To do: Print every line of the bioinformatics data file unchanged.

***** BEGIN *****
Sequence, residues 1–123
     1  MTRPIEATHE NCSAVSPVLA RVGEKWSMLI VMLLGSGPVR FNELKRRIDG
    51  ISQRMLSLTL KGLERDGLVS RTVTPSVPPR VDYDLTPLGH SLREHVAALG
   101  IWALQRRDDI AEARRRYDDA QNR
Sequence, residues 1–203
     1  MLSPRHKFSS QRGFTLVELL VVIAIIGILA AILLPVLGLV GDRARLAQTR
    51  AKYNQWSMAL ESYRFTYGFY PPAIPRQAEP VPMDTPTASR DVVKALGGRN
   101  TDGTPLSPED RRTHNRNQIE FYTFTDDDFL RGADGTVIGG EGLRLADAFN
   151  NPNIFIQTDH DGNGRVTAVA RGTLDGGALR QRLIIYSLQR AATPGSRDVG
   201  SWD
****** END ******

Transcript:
Sequence, residues 1–123
     1  MTRPIEATHE NCSAVSPVLA RVGEKWSMLI VMLLGSGPVR FNELKRRIDG
    51  ISQRMLSLTL KGLERDGLVS RTVTPSVPPR VDYDLTPLGH SLREHVAALG
   101  IWALQRRDDI AEARRRYDDA QNR
Sequence, residues 1–203
     1  MLSPRHKFSS QRGFTLVELL VVIAIIGILA AILLPVLGLV GDRARLAQTR
    51  AKYNQWSMAL ESYRFTYGFY PPAIPRQAEP VPMDTPTASR DVVKALGGRN
   101  TDGTPLSPED RRTHNRNQIE FYTFTDDDFL RGADGTVIGG EGLRLADAFN
   151  NPNIFIQTDH DGNGRVTAVA RGTLDGGALR QRLIIYSLQR AATPGSRDVG
   201  SWD